Address:Building 11, Beishan Industrial Zone, Yantian District, Shenzhen(518083)


    News Center

News Center

Updates on BGI’s developments in research, education and industry.

首页 About News Center BGI News Human Health BGI Group Leads Advancements in Tackling Thalassemia

BGI Group Leads Advancements in Tackling Thalassemia

May 08, 2024 Views:

Thalassemia is a rare, inherited blood disorder caused by mutations in the genes involved in hemoglobin production that cause the body to produce less hemoglobin than normal. The lack of hemoglobin leads to red blood cells not performing properly, leading to conditions ranging from mild to severe anemia and, in some cases, death. 

While classified as a ‘rare disease,’ millions of people worldwide suffer from it. More than 300 million people around the world carry the thalassemia trait, which puts them at risk of having children with some form of thalassemia.

Traditionally, treatment options for thalassemia have focused on blood transfusions, with regular transfusions replacing the defective red blood cells with healthy ones. However, over time blood transfusions cause a build-up of iron in the blood which can damage heart, liver and other organs.

As an alternative treatment to blood transfusions, the emerging field of gene therapy offers tremendous hope for thalassemia patients, eliminating their dependence on blood transfusions, and BGI Group is a leader in this area.

2.pngDr. Yin Ye, CEO and Executive Director of BGI Group

Dr. Yin Ye, CEO and Executive Director of BGI Group, explains: “Gene therapy is a life-changer for many thalassemia patients that require lifelong regular blood transfusions.” By using this therapy BGI has helped five children with severe thalassemia to successfully achieve transfusion independence. One of them has been leading a normal life for over three years without blood transfusion.

Gene therapy provides a functional copy of the mutated or missing gene involved in hemoglobin production. In doing so, it seeks to restore normal hemoglobin production and alleviate the symptoms of thalassemia.

BGI Group independently developed its gene therapy response as Dr. Yin explains: “The therapy first extracts the patient’s blood stem cells that carry the defective gene. Using a lentiviral vector, a self-inactivating virus, healthy genes that can produce hemoglobin are injected into these cells. The new modified stem cells then are infused back into the patient’s bloodstream.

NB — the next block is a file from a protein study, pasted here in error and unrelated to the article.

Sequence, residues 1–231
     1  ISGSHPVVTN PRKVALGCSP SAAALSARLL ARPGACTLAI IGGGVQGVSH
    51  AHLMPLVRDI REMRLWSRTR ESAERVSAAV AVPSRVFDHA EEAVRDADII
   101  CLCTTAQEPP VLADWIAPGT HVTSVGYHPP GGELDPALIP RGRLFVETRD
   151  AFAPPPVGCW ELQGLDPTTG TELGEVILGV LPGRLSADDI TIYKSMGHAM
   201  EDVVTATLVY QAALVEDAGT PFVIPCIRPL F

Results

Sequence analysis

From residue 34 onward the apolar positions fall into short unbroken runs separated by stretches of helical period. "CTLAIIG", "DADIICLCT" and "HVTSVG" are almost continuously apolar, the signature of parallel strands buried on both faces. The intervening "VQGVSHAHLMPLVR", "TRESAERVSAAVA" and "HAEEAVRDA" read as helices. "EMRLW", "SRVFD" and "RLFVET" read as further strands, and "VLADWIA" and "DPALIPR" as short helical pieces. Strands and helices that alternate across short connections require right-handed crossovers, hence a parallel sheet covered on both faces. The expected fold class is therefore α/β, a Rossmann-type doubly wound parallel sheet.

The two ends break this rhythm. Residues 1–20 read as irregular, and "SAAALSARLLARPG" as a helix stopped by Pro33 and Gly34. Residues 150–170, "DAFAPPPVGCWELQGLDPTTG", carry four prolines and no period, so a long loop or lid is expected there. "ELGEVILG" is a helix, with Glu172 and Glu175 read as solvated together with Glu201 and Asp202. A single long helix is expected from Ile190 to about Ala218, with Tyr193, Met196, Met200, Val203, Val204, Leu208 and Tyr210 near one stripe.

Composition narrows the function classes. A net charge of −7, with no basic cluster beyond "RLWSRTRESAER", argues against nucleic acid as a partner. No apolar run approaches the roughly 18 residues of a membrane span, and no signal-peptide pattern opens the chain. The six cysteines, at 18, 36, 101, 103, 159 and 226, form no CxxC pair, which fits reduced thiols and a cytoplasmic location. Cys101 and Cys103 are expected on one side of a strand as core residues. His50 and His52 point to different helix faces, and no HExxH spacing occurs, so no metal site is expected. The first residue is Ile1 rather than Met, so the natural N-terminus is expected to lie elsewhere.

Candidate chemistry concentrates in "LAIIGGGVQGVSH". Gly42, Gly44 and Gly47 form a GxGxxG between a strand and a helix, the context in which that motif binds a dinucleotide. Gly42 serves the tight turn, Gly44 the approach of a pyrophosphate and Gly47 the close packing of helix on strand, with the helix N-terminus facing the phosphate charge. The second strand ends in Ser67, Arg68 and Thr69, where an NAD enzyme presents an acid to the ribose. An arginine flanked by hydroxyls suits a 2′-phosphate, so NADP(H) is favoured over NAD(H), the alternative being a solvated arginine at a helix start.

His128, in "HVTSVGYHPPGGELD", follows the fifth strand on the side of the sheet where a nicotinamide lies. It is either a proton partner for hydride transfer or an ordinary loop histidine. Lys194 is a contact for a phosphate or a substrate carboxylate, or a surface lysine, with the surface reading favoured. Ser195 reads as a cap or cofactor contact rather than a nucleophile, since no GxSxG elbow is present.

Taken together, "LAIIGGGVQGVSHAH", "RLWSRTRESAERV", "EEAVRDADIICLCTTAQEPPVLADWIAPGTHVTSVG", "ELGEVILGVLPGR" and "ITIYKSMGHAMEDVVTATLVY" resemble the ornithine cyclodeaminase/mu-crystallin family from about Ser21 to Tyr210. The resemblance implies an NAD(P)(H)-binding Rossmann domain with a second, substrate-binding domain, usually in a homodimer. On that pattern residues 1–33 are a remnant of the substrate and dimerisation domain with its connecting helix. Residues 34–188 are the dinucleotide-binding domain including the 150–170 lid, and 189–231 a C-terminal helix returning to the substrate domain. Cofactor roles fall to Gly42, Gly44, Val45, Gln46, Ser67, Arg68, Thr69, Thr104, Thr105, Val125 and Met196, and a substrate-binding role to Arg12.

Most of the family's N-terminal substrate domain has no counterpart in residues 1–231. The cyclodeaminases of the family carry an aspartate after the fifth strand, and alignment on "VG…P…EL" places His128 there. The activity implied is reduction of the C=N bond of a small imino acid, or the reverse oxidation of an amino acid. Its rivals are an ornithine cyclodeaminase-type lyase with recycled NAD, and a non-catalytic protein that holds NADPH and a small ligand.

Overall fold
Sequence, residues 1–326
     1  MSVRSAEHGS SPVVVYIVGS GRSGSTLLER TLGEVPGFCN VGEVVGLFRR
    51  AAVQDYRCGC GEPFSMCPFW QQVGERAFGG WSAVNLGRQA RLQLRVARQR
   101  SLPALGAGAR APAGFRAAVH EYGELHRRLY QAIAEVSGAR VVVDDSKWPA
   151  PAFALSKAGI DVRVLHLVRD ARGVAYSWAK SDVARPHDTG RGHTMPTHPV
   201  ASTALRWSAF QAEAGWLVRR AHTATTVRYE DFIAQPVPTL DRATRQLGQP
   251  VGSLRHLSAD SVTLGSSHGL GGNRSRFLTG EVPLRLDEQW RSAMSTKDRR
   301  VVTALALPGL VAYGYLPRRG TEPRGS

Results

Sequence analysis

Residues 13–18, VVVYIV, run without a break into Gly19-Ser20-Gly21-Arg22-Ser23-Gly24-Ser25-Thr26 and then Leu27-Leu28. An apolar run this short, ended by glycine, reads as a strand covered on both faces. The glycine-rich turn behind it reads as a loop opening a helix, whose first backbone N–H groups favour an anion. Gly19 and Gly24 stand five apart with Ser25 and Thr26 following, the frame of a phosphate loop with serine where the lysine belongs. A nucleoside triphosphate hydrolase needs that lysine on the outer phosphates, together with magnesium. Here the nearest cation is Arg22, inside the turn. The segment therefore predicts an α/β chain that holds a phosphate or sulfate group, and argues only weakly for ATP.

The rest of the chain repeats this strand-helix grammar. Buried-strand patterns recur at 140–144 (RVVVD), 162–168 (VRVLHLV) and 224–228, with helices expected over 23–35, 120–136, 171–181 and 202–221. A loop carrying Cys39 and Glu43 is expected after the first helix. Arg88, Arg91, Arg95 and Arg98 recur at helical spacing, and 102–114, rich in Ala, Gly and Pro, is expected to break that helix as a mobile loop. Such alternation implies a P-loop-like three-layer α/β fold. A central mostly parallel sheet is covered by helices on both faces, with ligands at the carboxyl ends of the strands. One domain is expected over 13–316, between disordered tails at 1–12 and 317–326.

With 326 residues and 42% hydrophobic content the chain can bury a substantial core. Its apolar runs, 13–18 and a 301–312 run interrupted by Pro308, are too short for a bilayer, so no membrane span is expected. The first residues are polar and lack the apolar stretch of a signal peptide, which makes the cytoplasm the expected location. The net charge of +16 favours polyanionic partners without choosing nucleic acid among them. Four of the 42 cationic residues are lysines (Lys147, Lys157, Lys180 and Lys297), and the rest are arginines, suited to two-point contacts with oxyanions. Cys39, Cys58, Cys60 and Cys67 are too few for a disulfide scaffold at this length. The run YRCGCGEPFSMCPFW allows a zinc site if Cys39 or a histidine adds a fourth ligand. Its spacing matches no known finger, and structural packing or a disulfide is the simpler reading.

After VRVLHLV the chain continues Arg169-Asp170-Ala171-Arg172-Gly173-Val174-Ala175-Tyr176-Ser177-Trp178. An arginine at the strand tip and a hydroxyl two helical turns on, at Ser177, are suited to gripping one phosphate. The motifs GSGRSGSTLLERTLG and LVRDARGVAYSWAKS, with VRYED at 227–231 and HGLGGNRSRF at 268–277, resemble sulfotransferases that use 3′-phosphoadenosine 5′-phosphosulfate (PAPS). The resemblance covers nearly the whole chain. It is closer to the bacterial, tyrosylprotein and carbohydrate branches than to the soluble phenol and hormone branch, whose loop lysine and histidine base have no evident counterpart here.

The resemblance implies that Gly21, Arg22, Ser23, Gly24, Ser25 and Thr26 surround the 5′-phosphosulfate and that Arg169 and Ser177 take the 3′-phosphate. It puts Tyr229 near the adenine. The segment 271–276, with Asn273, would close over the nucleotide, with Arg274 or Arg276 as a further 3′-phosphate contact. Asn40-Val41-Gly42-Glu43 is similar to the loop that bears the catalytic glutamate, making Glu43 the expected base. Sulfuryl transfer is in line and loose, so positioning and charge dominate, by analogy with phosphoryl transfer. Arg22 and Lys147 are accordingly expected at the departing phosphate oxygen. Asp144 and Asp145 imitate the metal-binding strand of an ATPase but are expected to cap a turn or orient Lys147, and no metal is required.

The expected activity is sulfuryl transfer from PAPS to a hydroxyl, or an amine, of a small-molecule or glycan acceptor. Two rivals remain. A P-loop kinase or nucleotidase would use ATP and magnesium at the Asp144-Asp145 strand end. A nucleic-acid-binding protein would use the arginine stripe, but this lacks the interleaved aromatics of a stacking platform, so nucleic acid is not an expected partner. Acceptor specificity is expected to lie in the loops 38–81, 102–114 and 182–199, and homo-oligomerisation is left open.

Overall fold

Another strategy for tackling thalassemia is to use allogeneic stem cell transplantation. “This treatment uses healthy stem cells from a donor to replace a patient’s defective cells,” explains Dr. Yin. “The success of the procedure depends on many factors, including whether the patient can find a matched donor.”

BGI Group is a co-founder of the Hua Foundation which provides matching tests globally to patients with severe thalassemia for free. As of December 2023, the Foundation has provided tests to 20,343 cases and successfully found complete matches for 728 patients.

截屏2024-05-07 16.40.17.pngBGI laboratory technicians are examining test results.

Since thalassemia is an inherited disorder, pre-natal testing can help parents understand the risk of their children having thalassemia and its likely severity. “Our tests can detect 508 types of thalassemia variants with low cost and a high degree of automation,” says Dr. Yin.

Scientific collaboration is critical in advancing thalassemia research, diagnosis and treatment. Around the world BGI Group is working with a number of countries including Thailand, Malaysia and Saudi Arabia to provide thalassemia testing and treatments. 

Dr. Yin is optimistic about the future: “It is our belief that with continued research, breakthrough technologies, patient education and global cooperation, we will be able to see a future where rare diseases can be managed more effectively or perhaps even eradicated.” 

This belief, backed up by the successes of new and innovative treatments, offers enormous hope to the hundreds of millions of people who carry the thalassemia trait globally.